We are getting incredibly excited about the upcoming Grower Champagne Extravaganza, coming on January 25th, 2014. To help spread the word, here is a personal invite from Larry Colbeck, founder and owner of The Wine Company.
This is quickly shaping up to be the greatest Champagne tasting ever held in the state of Minnesota. Our love of Grower Champagne runs deep around our office, for it represents what we believe in: families, farming, and the future.
To meet a Champagne Grower-Producer family is to meet a group of people with guts. Why? Because in Champagne, growers who sell their grapes to the big houses are rarely paid based on quality, but rather by quantity. The ‘rating’ of a vineyard will provide a guaranteed income and the big houses will buy tons of grapes with a phone call, sight unseen. In other words, a Grower-Producer family is surrounded by wealthy and successful neighbors that don’t have to go through the hard work, tension, strife, and all around randomness of making your own wine.
We like working with the Grower-Producer families because they, like us, work in a world of larger forces that sometimes try to dominate market segments. They have chosen, as we have at The Wine Company, to take a harder road but one that is ultimately more satisfying.
When we travel to wine regions and wander a vineyard with a producer like Jim Pedroncelli, or Pierre Gaillard, or John Williams, you get an intimate sense of their land stewardship. They know it’s the foundation of everything they do, for they get to taste the labor in the finished product.
Unfortunately, in Champagne, there is a simple but unavoidable fact: most land owners do not make wine. They are disconnected from the process of the coaxing and parenting that leads ultimately to something wonderful to drink several years down the road.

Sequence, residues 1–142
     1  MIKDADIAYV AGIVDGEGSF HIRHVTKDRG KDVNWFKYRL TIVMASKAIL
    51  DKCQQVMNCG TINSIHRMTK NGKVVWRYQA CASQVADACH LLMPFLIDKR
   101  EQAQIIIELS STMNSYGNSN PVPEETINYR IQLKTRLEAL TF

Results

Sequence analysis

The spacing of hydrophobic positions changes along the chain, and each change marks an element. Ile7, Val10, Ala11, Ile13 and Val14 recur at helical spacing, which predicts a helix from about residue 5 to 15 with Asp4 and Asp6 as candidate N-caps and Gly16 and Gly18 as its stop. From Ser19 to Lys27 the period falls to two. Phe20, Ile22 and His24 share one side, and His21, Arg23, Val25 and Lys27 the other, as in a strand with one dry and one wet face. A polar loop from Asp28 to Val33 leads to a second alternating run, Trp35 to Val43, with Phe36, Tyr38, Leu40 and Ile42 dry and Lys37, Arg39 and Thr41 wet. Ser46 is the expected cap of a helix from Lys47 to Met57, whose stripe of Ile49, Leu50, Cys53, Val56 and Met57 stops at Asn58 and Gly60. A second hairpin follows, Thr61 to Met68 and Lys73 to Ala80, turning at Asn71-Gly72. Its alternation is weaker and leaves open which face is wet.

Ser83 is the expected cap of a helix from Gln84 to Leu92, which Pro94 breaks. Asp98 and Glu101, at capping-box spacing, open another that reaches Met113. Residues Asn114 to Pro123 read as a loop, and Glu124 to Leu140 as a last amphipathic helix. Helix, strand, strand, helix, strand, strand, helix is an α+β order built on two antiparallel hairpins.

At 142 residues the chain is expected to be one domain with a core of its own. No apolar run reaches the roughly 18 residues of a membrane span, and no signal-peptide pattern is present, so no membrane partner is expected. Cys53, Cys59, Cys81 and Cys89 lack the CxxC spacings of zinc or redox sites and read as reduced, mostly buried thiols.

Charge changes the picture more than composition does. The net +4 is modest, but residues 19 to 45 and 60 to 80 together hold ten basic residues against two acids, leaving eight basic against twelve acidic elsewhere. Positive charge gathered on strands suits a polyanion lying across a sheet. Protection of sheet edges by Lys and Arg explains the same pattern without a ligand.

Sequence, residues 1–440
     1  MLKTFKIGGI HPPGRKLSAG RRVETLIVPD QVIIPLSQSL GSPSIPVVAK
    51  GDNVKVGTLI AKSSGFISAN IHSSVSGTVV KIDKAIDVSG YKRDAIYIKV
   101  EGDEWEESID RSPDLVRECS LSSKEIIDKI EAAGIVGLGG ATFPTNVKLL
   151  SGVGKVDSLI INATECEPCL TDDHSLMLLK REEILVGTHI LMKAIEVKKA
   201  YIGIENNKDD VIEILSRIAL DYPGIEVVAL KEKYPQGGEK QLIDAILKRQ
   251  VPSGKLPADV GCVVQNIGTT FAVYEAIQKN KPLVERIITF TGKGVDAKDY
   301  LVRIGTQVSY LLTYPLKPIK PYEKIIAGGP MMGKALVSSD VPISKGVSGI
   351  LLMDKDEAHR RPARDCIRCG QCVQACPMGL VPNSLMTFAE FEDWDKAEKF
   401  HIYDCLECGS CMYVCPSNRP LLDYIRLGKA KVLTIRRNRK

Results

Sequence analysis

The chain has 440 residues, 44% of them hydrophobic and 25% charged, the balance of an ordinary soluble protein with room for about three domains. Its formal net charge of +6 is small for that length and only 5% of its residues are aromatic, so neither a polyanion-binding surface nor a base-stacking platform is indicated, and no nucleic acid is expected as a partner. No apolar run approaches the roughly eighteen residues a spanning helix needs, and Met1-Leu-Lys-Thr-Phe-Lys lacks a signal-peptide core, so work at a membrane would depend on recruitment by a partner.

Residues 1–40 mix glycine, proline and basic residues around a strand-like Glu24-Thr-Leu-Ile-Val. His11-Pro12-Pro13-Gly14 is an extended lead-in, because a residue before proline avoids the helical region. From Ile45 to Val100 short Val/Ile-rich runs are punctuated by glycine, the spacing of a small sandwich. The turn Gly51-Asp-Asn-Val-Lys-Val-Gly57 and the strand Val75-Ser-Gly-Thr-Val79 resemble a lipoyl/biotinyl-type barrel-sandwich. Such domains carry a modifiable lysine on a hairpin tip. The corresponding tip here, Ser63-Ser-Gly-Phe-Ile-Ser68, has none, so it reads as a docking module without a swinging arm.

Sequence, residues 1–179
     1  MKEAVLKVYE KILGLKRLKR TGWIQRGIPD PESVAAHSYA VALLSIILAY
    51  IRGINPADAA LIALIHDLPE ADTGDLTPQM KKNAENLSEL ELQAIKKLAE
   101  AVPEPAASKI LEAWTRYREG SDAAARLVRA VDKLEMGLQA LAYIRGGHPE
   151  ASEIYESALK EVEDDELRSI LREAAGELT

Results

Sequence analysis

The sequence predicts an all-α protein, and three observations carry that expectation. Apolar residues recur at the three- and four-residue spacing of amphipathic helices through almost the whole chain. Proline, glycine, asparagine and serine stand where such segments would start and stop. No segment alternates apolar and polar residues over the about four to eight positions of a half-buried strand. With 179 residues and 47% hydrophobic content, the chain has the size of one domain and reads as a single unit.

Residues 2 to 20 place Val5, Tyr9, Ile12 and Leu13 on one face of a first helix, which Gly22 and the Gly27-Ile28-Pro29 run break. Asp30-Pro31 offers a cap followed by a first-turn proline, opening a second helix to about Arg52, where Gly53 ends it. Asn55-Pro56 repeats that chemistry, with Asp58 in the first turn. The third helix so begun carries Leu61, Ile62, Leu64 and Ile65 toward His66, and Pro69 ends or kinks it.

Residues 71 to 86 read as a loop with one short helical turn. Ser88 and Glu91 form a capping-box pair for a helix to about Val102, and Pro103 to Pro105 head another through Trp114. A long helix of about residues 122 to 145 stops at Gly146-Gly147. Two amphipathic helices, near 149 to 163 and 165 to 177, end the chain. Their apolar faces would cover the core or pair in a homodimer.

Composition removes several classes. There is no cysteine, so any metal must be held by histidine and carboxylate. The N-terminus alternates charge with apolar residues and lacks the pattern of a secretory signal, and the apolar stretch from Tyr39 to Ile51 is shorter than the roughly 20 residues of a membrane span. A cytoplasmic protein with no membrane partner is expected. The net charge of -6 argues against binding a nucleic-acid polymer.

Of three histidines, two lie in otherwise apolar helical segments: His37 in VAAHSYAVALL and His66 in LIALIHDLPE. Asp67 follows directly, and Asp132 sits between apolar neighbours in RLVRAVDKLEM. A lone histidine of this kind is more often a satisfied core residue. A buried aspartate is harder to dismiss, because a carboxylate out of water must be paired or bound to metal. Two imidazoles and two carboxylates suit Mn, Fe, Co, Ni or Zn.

Which is why we respect the Grower-Producers so much. A family like Jean Lallement’s, with only 10 acres of land, knows every one of their vines intimately and what it brings to the bottle (a bottle with their own name on it). A family like Nicolas Chiquet’s, who were one of the very first families to bottle their own Champagne (starting in the early 20th century) has history and pedigree attached to a place. This is important anywhere else in the wine world, and so it should also be in Champagne.
Grower-Producers will never dominate the Champagne market — the muscle and money of the grand marques is simply too powerful. However, while Prosecco sales have increased at an incredible rate the last ten years (thanks to the recession, people moved toward less expensive bubbly), Champagne sales as an industry have overall been flat.
But not for the Grower-Producers. What started off as a 1% market share twelve years ago, is now at 3%. This doesn’t sit well with the big houses, as you can imagine. We believe going forward there is incredible potential for these single-site and Grower-Producer Champagnes to make further inroads in the category.
A final thought, brought to you by Wine Spectator
Even before it was fashionable we were championing the little guy in Champagne. It just made sense. But now even the big companies are trying to join in the movement. In the December 15th 2013 issue of Wine Spectator, Alison Napjus writes:
These changing attitudes are connected to a paradigm shift among producers in the region. Historically, Champagne houses promoted their bottlings as a luxury product; the spotlight was on a house’s name, image, and prestige labels. Today, many producers are focusing on Champagne as a wine.
Hmmmm … Champagne as a wine … what a concept!
It gets better …
… “We realize we need to let the wine shine,” says Jean-Baptiste Lecaillon, chef du cave of Louis Roederer, which produces Cristal, long seen as one of the ultimate “label” brands. “You come back to the real story of Champagne — the terroir, the vineyards.”
Maybe some have had to circle back to the ‘real story’ of Champagne. Not us. We’ve been here all along. And we hope you can raise a glass to the ‘real story’ of Champagne with us on January 25, 2014.